Teaching critical approaches to depression and anxiety when you are depressed and anxious - by Jane EM Callaghan

New blog bost by Jane EM Callaghan: 

"In the many years I have taught mental health, I have always wrestled with a fundamental contradiction. On the one hand, I have a political commitment to an anti-diagnostic, and anti-medicalisation stance. On the other hand, I have struggled life long with anxiety, trauma responses, and depression.

This year, I came to teach my classes on anxiety and depression 9 months into my treatment with duloxetine. This has been a life saving drug for me. It has relieved my anxiety very significantly, I can sleep better at night, and I can function without constant ruminative thoughts during the day.  It is also probably slowly eroding my liver function, but hey, swings and roundabouts, right?

So how do I handle this reality, when teaching my students to be appropriately skeptical about the claims of pharmaceutical companies, and to be concerned about the validity of certain diagnoses?......"

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Views: 30

Comment by Bob Sapey on April 8, 2017 at 8:59
Very interesting blog.
Comment by Simon Rose on April 25, 2017 at 17:01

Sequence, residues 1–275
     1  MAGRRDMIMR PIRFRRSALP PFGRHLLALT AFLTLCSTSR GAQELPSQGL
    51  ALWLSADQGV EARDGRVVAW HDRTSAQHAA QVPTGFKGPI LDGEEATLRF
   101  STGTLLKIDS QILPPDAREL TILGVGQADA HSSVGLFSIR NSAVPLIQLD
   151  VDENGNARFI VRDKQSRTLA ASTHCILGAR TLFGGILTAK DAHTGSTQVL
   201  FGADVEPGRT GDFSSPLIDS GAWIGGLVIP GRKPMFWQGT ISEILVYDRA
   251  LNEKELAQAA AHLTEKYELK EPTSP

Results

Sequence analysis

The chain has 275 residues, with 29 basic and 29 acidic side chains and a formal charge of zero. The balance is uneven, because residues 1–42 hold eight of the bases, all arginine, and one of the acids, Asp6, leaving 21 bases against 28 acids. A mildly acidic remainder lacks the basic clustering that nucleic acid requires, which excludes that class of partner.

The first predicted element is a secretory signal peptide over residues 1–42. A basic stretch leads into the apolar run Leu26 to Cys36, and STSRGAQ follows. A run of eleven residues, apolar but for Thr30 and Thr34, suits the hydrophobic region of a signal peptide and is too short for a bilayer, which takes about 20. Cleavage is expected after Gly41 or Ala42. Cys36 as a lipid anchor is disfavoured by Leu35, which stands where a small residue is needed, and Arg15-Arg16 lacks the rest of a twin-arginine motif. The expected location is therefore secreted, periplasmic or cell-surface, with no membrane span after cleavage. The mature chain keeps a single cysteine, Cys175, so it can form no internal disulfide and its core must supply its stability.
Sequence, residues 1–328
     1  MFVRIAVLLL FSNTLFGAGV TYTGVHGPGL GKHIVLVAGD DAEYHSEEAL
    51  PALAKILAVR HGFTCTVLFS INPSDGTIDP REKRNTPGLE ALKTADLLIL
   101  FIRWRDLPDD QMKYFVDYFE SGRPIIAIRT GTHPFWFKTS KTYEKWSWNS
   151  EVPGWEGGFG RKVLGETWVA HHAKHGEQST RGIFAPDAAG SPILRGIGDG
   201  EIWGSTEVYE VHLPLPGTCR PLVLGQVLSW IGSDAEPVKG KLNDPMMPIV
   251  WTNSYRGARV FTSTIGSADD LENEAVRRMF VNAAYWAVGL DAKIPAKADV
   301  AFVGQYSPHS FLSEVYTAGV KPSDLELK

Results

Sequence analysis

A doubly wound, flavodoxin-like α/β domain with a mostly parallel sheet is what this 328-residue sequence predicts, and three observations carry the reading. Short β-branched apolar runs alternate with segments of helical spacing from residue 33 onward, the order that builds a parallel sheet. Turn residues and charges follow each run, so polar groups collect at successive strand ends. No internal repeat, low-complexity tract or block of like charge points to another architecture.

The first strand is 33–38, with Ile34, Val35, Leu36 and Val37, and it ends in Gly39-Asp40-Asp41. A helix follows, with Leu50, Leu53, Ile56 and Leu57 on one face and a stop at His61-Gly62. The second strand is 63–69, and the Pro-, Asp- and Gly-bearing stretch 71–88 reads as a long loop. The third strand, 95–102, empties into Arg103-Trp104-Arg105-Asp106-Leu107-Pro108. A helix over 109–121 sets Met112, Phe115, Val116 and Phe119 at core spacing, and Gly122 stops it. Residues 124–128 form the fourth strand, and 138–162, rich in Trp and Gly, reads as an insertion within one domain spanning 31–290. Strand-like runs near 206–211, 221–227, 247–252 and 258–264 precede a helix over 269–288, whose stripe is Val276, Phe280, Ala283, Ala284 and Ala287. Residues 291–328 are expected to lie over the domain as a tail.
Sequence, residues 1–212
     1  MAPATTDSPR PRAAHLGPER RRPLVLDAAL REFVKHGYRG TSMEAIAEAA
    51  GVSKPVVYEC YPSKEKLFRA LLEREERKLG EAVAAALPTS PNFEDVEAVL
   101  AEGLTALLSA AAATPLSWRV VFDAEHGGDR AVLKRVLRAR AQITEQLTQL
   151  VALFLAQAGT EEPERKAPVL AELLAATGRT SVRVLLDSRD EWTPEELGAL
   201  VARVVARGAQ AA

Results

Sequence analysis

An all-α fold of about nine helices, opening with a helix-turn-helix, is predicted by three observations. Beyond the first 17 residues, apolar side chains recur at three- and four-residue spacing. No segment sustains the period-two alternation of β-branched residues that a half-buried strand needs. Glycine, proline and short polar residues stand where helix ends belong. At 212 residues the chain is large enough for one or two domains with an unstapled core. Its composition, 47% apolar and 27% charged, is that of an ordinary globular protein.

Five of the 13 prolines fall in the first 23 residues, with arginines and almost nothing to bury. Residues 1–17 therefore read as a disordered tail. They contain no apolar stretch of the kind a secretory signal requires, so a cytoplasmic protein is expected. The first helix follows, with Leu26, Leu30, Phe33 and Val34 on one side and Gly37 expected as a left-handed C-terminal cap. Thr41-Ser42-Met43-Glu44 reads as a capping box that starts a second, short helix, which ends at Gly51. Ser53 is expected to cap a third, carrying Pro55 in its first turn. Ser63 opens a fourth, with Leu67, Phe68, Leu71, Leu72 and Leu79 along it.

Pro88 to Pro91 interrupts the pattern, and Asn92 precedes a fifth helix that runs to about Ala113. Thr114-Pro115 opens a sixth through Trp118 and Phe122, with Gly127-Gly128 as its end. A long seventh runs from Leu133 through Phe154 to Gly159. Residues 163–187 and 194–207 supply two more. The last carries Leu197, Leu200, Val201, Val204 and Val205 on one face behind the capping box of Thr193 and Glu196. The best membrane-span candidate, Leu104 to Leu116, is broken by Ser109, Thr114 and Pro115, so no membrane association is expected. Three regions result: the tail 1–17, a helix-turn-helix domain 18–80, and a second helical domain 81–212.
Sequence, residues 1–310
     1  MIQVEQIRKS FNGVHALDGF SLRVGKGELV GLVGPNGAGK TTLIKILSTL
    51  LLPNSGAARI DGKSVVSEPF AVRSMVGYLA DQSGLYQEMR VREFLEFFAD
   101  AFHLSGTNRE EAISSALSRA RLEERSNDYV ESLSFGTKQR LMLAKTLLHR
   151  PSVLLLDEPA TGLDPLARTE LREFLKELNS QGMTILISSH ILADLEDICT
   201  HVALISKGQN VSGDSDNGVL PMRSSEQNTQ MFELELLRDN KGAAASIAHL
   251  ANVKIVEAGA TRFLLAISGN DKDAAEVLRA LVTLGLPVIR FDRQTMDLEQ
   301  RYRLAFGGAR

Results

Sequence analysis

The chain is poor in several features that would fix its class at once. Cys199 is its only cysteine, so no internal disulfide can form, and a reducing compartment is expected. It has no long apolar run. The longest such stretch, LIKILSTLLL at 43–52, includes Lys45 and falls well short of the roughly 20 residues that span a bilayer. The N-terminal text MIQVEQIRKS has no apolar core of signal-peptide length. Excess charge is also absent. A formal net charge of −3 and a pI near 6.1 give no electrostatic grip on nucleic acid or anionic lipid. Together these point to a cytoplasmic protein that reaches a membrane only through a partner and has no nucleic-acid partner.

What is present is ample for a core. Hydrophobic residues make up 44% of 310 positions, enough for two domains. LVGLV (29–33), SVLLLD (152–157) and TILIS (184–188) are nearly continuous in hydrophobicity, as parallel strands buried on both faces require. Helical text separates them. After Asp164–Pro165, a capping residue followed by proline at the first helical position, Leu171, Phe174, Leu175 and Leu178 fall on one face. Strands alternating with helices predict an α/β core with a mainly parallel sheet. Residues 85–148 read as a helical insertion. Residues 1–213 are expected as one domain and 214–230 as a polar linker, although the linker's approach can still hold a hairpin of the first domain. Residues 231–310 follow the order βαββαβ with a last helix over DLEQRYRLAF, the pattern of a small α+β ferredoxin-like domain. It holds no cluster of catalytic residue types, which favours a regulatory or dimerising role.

Really interesting article

Am wondering if there is also something in the fact that medication can be started immediately whilst there are often significant waiting lists for anything other than the simplistic IAPT 6-8 weeks of CBT. In the area that I live and work, waiting lists of 1-2 years are the norm for more involved forms of therapy. Todays society puts so much pressure on people to 'get cured' and go back to being a productive human being (worker, carer, parent etc.), that the idea of having to wait so long is difficult - plus, of course, living in emotional pain waiting for therapy to start is not something that anyone would relish.

But, medication, for lots of us, does little more than paper over the cracks. Accepting Eleanor Longdon's argument that a good starting point for a psychiatric 'history' is not 'what has happened to you?' rather than 'what is wrong with you'?, over reliance on medication looks problematic. The core reasons behind the emotional and mental distress are never resolved - we are chemically 'modified' to be able to live with the symptoms that stem from whatever has caused the problems in the first place.

I write this from the perspective of someone that has taken meds for 20 odd years, been hospitalised numerous times who now works alongside undergrad medical students helping to get lived experience into their learning when on psychiatry placement. I have had spells of psychological intervention, but not enough to overcome the damage that occurred through childhood. Meds help me keep a lid on my emotions most of the time. For that, I am thankful. Problem is that I cannot actually see a time when I would be comfortable to come off them

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